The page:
(a),(c) Performance of monthly precipitation predictions based on regularized linear models in (a) Northern Hemisphere winter (DJF) and (c) Northern Hemisphere summer (JJA). (b),(d) Comparison of prediction performance using a standard EOF-based method (“lm-EOF,” 5 comp.), and the performance of regularized linear models, all based on daily training data, in (b) Northern Hemisphere winter (DJF) and (d) Northern Hemisphere summer (JJA).

Fig. 5.

(a),(c) Performance of monthly precipitation predictions based on regularized linear models in (a) Northern Hemisphere winter (DJF) and (c) Northern Hemisphere summer (JJA). (b),(d) Comparison of prediction performance using a standard EOF-based method (“lm-EOF,” 5 comp.), and the performance of regularized linear models, all based on daily training data, in (b) Northern Hemisphere winter (DJF) and (d) Northern Hemisphere summer (JJA).

For temperature anomalies, monthly circulation-induced predictability is slightly higher than for precipitation (RDJF20.73, RJJA20.67; Fig. 6). The EOF-based benchmark method explains only around 30% of the variance in monthly temperatures. The climatological patterns of predictability are noticeably different: Land regions appear generally more driven by atmospheric circulation than oceanic regions with the exception of temperatures in the equatorial ENSO region (which are also well predicted). Low predictability of temperatures over the ocean is likely associated with memory effects due to ocean energy storage and lagged ocean–atmosphere interaction (Deser and Timlin 1997), which is not captured by instantaneous circulation anomalies (or the first few lagged EOFs).

Fig. 6.

As in Fig. 5, but performance evaluation for temperature instead of precipitation.

Fig. 6.

As in Fig. 5, but performance evaluation for temperature instead of precipitation.

In summary, atmospheric circulation patterns can be used to estimate temperature or precipitation variability consistently at the global scale using RLMs, although performance varies depending on background climate. Accordingly, dynamical adjustment applications could be extended in the future beyond midlatitude land areas, for instance, toward ocean regions where including lagged circulation information would become a key requirement (Deser and Timlin 1997).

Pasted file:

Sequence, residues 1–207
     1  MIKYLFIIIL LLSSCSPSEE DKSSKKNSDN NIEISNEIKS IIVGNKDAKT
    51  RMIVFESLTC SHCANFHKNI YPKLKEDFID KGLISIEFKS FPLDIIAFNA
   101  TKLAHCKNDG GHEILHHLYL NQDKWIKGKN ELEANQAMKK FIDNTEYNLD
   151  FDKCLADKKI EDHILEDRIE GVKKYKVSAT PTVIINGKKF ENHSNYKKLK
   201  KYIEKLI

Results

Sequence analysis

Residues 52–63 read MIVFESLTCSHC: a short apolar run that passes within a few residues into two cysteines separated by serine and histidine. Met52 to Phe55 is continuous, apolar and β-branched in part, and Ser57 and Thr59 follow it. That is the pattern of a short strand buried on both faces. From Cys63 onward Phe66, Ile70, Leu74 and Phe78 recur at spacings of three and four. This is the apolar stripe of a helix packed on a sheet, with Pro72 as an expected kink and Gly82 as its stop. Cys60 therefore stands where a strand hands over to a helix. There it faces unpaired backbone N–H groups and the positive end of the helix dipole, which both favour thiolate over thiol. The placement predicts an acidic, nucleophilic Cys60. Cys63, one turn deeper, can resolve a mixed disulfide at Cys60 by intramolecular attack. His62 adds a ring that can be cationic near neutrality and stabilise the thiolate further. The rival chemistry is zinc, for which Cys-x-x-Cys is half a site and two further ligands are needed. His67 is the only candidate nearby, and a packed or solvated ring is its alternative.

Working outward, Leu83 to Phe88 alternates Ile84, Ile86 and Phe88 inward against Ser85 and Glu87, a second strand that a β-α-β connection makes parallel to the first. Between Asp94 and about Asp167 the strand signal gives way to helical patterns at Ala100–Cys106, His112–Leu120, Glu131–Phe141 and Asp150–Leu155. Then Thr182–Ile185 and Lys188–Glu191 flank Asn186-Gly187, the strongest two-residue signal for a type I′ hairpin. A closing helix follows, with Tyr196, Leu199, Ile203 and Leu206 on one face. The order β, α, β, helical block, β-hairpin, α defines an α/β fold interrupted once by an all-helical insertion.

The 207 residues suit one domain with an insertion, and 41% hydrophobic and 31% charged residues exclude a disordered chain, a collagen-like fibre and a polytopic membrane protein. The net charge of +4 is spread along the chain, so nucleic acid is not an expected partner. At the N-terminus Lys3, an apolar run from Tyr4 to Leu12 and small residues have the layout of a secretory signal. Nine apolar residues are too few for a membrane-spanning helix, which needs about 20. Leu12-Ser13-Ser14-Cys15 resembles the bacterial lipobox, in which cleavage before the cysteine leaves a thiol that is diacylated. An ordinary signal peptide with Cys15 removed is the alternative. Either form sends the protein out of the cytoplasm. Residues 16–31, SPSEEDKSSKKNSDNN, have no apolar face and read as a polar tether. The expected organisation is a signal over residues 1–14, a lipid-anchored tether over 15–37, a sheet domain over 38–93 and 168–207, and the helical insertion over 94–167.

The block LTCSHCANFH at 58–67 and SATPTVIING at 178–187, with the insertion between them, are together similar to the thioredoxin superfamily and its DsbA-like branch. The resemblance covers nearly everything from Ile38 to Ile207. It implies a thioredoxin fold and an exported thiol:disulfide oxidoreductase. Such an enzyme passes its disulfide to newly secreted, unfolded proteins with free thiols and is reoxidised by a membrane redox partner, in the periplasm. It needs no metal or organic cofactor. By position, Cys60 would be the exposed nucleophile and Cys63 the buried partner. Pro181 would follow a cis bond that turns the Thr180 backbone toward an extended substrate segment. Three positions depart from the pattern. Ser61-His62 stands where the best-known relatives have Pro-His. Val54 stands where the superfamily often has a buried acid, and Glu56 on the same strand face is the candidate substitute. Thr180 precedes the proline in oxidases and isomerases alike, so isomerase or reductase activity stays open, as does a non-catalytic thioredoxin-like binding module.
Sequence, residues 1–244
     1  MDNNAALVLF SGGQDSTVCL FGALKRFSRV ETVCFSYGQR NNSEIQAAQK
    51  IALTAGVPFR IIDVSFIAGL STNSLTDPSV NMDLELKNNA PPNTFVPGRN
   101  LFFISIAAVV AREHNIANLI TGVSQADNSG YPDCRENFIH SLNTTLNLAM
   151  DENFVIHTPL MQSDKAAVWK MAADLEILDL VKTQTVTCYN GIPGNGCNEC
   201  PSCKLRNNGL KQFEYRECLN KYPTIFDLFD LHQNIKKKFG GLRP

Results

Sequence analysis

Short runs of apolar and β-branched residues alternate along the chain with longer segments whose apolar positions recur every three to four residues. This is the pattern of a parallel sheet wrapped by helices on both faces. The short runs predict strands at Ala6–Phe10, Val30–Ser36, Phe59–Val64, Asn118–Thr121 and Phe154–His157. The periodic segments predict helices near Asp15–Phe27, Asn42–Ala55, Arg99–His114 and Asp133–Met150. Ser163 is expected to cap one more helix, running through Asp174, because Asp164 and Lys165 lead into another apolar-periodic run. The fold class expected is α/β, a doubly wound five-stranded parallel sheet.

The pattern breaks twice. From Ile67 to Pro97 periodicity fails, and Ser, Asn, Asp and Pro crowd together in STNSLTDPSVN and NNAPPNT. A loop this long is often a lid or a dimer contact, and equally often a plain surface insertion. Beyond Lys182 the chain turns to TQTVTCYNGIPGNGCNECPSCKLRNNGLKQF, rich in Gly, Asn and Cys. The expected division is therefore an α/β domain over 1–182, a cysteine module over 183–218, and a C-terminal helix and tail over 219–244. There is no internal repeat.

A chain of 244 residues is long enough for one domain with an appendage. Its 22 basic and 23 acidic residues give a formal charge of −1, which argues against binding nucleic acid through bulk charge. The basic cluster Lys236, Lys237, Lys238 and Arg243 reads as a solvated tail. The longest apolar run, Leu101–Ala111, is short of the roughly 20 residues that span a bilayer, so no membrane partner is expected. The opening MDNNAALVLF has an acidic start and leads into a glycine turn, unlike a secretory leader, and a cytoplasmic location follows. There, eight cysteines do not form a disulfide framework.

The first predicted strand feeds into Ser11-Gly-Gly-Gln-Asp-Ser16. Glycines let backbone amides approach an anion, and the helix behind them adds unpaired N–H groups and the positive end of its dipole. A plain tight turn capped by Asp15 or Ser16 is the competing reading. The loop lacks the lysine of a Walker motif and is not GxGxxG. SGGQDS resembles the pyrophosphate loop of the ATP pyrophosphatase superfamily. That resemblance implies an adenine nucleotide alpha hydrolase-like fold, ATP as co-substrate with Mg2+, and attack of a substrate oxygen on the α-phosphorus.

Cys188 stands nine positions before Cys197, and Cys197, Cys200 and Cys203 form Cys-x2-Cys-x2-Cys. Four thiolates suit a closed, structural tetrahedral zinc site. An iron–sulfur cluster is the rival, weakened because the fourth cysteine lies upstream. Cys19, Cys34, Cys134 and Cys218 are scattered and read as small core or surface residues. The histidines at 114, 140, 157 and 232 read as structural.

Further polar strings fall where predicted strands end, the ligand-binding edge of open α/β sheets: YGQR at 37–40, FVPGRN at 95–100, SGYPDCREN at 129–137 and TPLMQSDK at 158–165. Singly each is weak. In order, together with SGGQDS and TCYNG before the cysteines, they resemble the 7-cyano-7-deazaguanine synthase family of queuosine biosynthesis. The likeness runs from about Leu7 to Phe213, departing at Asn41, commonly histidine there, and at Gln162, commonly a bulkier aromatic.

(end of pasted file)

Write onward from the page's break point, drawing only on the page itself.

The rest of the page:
b. Dynamical adjustment at the regional scale over Europe: Uncovering the total forced response and dynamic versus thermodynamic components

In this subsection, we evaluate the consistency of the residual trend slopes obtained by dynamically adjusting all 21 ensemble members over Europe to uncover 1) the total forced response (evaluated against the 21-member ensemble mean “total forced” response), and 2) thermodynamically and dynamically driven components of the total forced response.

1) Uncovering the total forced response with improved signal-to-noise ratio

Winter precipitation over both NEU and MED is highly variable from year to year (Figs. 7a and 8a, illustrated for the first three ensemble members, and for all 21 members for NEU and MED, respectively). In addition, NEU shows an externally forced increasing trend in the twenty-first century, while winter precipitation over the MED region is projected to decrease in the ensemble mean forced signal (Figs. 7b, 8b). Nonetheless, individual ensemble members deviate from the ensemble mean, which is evident in the spread of 30-yr trend slopes in individual ensemble members in both regions (bottom panel in Figs. 7 and 8).

Fig. 7.

Dynamical adjustment of winter precipitation in northern Europe in forced runs in the 21-member CESM ensemble. (a) Original time series and predictions Y^X^ (“no detrend.”) and Y^X^high–freq. (“detrended”) for three individual ensemble members (1–3) and all members. (b) Residual, dynamically adjusted time series for individual ensemble members (1–3), and for all ensemble members in comparison to the ensemble mean forced response (black). (c) Northern Europe 30-yr trend slopes for dynamically adjusted time series of winter precipitation in the 1961–2020 forced period, compared to the ensemble mean.

Fig. 7.

Dynamical adjustment of winter precipitation in northern Europe in forced runs in the 21-member CESM ensemble. (a) Original time series and predictions Y^X^ (“no detrend.”) and Y^X^high–freq. (“detrended”) for three individual ensemble members (1–3) and all members. (b) Residual, dynamically adjusted time series for individual ensemble members (1–3), and for all ensemble members in comparison to the ensemble mean forced response (black). (c) Northern Europe 30-yr trend slopes for dynamically adjusted time series of winter precipitation in the 1961–2020 forced period, compared to the ensemble mean.